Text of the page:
Wednesday, February 09, 2005

Who Is Michel Rolland?

There is much ado about this Frenchman and his wines in the oenophile world lately. Who exactly is Michel Rolland? And why should you care?

The Facts:
  • Michel Rolland is the foremost wine consultant in the world
  • His Bordeaux-based consulting practice has over 100 clients across 12 countries
  • His client roster reads like an oenophile’s wish list of must-have wines
  • He is a steadfast advocate for using technological developments in viticulture and winemaking to raise the quality of wine
  • He built his expertise while managing several Pomerol properties which he owns
  • He imparts a particular style or common denominator to the wines on which he works – heavy on the fruit and oak influenced
  • He is the reluctant star of a new documentary, Mondovino, which is critical of the globalization of wine and at times portrays him as the root of this evil
  • Michel Rolland is a lighting rod in the wine industry who is as despised as he is sought after
The Opinions and Criticisms:
  • Rolland has influence that matches or exceeds that of any single individual in the wine world
  • Rolland is creating wines that satisfy the tastes of a mass global market
  • Rolland is driving out the individuality and local essence of wines (e.g. terroir)
  • Rolland makes wines that strive for excellence on the same dimensions resulting in global variations on the same theme (i.e. his wines are “Pomerolled” or “Napa-ized”)
  • Rolland consults for a property and it’s wines become immediately credible and usually expensive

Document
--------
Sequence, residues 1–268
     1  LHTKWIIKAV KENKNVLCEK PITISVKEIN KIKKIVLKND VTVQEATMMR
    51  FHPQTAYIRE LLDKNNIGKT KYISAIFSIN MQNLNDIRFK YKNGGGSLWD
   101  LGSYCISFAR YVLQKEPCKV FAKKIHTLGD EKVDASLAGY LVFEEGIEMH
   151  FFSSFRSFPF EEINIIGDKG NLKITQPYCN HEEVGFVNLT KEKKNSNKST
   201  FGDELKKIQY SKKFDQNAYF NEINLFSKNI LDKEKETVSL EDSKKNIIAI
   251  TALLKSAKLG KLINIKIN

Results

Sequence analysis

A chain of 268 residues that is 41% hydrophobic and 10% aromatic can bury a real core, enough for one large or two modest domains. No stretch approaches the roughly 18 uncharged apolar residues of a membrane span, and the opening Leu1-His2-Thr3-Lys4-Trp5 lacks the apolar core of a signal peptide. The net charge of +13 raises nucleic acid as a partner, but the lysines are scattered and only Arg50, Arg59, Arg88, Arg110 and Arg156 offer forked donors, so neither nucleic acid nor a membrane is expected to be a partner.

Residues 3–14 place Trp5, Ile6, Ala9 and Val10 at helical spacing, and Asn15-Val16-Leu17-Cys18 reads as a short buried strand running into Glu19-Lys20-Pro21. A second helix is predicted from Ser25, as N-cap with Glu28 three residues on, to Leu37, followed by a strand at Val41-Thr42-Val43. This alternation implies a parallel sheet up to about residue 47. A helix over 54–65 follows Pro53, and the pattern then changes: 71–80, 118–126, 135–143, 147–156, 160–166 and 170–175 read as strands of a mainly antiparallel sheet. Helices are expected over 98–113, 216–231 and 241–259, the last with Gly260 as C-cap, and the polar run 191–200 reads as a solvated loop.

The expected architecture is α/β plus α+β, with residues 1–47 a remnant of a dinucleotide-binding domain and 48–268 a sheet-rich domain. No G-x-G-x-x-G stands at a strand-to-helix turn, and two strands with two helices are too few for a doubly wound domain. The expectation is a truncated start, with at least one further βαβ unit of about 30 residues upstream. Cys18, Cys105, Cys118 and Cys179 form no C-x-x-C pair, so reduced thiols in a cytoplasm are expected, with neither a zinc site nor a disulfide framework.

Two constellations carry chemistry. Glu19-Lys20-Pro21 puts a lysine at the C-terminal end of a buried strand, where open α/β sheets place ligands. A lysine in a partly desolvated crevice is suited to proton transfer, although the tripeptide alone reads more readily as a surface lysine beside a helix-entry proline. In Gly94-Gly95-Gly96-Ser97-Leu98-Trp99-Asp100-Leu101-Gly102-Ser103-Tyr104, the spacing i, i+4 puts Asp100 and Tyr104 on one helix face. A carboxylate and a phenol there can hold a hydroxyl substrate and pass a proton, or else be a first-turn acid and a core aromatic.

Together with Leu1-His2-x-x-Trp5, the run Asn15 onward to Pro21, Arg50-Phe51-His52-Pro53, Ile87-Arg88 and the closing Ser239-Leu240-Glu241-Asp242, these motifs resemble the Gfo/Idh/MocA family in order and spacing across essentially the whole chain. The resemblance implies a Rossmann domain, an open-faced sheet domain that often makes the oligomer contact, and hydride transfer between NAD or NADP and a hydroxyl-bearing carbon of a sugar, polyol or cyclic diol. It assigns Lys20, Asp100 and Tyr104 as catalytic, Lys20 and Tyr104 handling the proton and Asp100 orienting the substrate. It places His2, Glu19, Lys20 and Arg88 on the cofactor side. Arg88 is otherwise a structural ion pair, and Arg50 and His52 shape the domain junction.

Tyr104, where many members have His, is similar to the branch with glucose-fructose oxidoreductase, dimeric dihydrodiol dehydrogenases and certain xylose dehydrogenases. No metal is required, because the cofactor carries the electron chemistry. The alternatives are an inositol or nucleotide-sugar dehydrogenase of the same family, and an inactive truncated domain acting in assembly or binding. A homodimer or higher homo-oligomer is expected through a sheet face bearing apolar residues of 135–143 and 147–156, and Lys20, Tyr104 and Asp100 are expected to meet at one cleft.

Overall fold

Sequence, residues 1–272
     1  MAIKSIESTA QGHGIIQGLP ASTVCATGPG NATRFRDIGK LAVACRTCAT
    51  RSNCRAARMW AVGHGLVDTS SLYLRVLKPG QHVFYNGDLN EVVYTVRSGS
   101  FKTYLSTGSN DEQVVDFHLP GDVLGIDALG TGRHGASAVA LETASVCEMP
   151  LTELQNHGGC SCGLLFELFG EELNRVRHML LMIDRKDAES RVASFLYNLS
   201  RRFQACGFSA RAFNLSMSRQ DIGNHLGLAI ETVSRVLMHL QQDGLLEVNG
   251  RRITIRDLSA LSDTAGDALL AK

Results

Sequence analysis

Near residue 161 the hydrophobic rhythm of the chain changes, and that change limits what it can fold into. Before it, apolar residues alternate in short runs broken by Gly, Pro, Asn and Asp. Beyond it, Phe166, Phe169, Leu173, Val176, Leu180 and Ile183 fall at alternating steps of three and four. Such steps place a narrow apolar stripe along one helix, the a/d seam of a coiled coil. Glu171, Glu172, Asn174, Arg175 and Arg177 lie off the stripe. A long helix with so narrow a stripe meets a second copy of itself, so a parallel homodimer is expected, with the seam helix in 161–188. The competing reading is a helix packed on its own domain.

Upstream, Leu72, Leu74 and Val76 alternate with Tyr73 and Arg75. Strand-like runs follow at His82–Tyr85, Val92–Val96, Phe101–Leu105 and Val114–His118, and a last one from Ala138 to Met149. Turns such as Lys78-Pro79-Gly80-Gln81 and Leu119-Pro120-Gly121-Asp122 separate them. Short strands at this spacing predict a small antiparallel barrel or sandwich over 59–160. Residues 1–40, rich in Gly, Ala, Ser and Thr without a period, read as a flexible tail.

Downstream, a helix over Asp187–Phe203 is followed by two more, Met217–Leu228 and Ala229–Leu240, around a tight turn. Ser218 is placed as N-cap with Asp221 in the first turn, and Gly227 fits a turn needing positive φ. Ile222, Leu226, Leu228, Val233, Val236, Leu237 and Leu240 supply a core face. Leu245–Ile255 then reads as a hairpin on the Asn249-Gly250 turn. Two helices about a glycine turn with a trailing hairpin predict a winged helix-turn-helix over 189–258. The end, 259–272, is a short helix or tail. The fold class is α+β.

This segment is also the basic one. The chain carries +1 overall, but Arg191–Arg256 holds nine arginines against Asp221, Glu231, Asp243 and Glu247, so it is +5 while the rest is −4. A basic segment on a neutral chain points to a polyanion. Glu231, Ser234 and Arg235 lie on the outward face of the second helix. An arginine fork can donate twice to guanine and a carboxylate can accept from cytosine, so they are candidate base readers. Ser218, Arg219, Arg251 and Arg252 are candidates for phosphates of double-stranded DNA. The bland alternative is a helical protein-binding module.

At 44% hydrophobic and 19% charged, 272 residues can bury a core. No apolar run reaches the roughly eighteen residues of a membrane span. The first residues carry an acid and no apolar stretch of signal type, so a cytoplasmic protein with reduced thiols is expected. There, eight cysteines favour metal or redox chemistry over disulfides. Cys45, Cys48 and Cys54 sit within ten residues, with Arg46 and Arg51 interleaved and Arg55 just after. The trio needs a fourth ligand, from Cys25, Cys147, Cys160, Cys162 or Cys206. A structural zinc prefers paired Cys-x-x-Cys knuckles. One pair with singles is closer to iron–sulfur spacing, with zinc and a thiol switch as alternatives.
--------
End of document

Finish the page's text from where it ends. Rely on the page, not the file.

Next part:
• And last but not least… Jonathan Nossiter, creator of the aforementioned Mondovino, had this to say, “In the wine world there’s a tremendous standardization and uniformization of taste, from Australia to Chile to France to the U.S., across the globe and at every price level, from a $5 wine to a $500 wine. The classic fraud of our time, which is what Wal-Mart wants us to believe, is that, hey, you’ve got lots of choice at a lower price. Well, you’ve got a lot of different labels on these bottles, but man, the taste sure is the fucking same.”
My Take:
Plain and simple, I like good wine. It’s inconceivable to me that across the entire planet and across hundreds of grape varietals, the vast threat of homogeneity is about to ‘kill’ wine as we know it. If Rolland has made wine as-a-whole better, then that’s a good thing.

It seems to me that Rolland worked hard in studying the history of how great wine comes to be. He wrestled with and figured out possible answers to some tough questions: How much sun? How long before harvesting the grapes? What kind of oak to use? How long to age in barrels? And so on.

Low and behold, Rolland now understands how to make average wine really, really good and even great at times. He has created insights, ideas and techniques that if applied correctly can produce some beautiful juice. There is no silver bullet, magic potion or secret formula to make all wine great. Let alone unvaryingly, Orwellianly equal and great.

Perhaps, Rolland himself put it best.
“What I bring is a range of experience and a span of reference that other people here, however talented they might be, do not have…A consultant cannot know everything. I am here to give advice with an open mind to the resident winemaker. So the personality of the people is an essential. It’s fundamental. If you have no contact with the people, it’s impossible. I’m no magician.”